Protests against the Maduro regime in Venezuela. Photo: Roman Camacho/NurPhoto via Getty Images

The Economist's Democracy Index finds that the gradual erosion of democracy around the world continued last year, with 89 of 167 countries in the rankings considered less democratic thank the year prior.

  • The world's 10 strongest democracies: Norway, Iceland, Sweden, New Zealand, Denmark, Ireland, Canada, Australia, Finland, Switzerland. The U.S. is 21st, and considered a "flawed democracy."
  • Big movers: Venezuela is now considered authoritarian, with Indonesia also dropping significantly. The Gambia took the biggest step forward.
  • Why it matters: In the second half of the 20th century, there was a strong trend toward more democracy around the world. That trend is now in reverse.

Go deeper with a great video from the NY Times' The Interpreter on this topic

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Updated 18 mins ago - Politics & Policy

Coronavirus dashboard

Illustration: Aïda Amer/Axios

  1. Global: Total confirmed cases as of 3:30 p.m. ET: 12,123,257 — Total deaths: 551,384 — Total recoveries — 6,650,507Map.
  2. U.S.: Total confirmed cases as of 3:30 p.m. ET: 3,084,690 — Total deaths: 132,803 — Total recoveries: 953,420 — Total tested: 37,431,666Map.
  3. Public health: Cases rise in 33 statesFlorida reports highest single-day coronavirus death toll since pandemic began.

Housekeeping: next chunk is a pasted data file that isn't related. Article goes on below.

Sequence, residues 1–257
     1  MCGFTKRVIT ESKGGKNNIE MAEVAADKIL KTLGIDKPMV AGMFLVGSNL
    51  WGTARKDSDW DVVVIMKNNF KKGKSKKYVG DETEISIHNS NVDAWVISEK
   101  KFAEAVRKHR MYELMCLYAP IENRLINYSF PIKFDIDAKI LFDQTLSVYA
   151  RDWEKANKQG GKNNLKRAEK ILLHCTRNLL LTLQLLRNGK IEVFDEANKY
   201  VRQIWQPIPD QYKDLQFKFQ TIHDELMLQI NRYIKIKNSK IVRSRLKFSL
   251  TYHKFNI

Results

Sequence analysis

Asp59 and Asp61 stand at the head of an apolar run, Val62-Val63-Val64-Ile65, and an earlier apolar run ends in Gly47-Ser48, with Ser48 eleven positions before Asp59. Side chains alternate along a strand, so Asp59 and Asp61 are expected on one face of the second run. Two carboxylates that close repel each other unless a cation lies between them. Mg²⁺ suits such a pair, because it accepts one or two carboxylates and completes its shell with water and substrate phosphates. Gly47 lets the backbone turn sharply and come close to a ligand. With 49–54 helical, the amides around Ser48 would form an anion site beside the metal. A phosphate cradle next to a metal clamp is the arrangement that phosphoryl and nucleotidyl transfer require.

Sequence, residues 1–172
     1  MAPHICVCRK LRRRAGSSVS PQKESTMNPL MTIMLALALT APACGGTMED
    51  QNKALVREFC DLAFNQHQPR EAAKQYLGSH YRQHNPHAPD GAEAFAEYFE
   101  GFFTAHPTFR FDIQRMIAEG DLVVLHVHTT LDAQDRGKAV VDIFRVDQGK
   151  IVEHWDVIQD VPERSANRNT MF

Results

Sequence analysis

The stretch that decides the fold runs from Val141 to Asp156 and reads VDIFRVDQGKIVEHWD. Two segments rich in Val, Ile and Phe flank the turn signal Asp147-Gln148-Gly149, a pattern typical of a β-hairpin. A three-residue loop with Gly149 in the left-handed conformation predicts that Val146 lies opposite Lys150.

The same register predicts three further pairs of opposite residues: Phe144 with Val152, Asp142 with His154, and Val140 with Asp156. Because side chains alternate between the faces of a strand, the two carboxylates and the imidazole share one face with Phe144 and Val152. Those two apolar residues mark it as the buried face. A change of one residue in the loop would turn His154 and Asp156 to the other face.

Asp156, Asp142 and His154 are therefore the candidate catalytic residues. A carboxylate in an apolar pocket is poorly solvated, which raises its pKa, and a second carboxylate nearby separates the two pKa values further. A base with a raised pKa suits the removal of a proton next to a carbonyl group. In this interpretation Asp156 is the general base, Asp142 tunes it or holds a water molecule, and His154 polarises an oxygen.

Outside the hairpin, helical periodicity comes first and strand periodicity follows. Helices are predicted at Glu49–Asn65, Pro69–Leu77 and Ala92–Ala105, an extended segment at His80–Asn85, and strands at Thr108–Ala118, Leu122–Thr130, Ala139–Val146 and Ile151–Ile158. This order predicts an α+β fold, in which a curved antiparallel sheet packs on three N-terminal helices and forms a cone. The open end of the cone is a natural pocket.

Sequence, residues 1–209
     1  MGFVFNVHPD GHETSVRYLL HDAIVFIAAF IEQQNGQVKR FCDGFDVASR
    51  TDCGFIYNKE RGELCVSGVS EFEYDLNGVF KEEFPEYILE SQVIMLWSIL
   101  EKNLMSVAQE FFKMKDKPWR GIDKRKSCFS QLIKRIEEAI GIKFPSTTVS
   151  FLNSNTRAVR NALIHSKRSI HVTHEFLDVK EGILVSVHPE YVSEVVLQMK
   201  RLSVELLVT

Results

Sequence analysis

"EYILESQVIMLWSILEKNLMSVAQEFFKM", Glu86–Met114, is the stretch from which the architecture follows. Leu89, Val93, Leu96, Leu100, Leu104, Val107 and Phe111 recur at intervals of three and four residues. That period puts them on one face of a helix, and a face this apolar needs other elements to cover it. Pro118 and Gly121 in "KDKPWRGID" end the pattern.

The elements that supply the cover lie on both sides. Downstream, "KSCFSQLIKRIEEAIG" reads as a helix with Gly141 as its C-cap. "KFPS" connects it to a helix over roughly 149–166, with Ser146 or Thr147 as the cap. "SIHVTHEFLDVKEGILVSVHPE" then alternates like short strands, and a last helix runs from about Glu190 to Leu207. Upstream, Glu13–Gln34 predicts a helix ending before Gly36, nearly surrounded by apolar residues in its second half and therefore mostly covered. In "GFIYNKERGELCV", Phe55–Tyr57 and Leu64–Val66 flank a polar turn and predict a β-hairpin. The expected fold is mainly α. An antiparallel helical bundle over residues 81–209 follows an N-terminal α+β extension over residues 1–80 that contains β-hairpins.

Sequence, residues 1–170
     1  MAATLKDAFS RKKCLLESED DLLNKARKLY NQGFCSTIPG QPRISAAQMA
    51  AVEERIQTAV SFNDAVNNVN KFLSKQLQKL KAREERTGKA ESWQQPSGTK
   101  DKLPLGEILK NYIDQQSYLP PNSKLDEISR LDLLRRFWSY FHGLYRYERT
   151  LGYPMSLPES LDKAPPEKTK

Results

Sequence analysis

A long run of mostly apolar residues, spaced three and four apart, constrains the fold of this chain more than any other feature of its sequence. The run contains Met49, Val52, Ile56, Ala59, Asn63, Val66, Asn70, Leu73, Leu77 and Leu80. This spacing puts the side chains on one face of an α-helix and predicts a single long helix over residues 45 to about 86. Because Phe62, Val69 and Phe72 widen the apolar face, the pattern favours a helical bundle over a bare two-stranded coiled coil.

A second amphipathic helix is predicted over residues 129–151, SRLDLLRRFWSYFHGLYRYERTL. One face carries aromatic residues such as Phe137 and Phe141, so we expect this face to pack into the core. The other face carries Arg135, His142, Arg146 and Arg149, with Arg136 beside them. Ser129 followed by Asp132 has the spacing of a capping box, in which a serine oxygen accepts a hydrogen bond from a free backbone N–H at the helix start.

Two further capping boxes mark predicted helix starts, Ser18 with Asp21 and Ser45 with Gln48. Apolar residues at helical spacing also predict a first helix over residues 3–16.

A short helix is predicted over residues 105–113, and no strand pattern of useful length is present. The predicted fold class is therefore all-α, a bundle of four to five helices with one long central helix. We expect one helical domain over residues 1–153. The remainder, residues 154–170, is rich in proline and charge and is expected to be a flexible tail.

4. Science: World Health Organization acknowledges airborne transmission of coronavirus.
  5. Travel: Young adults are most likely to have moved due to coronavirus.

Judge asks full appeals court to review panel's dismissal of Flynn case

Photo: Alex Wroblewski/Getty Images

D.C. District Judge Emmet Sullivan on Thursday petitioned for the full D.C. Court of Appeals to rehear a three-judge panel's decision to order the dismissal of the case against former national security adviser Michael Flynn.

Why it matters: The panel's 2-1 decision could be overturned by the full 11-judge appeals court if it decides to take up the en banc review.

Michael Cohen taken back into federal custody

Michael Cohen arrives at his Park Avenue apartment on May 21 in New York City. Photo: Johannes Eisele/AFP via Getty Images

President Trump's disgraced former personal lawyer Michael Cohen is heading back to prison after refusing the conditions of his home confinement, according to two people familiar with the situation.

Details: A New York Post report earlier this month placed Cohen out at a restaurant in New York with his wife, while one of the sources said that more broadly he refused to wear an ankle bracelet.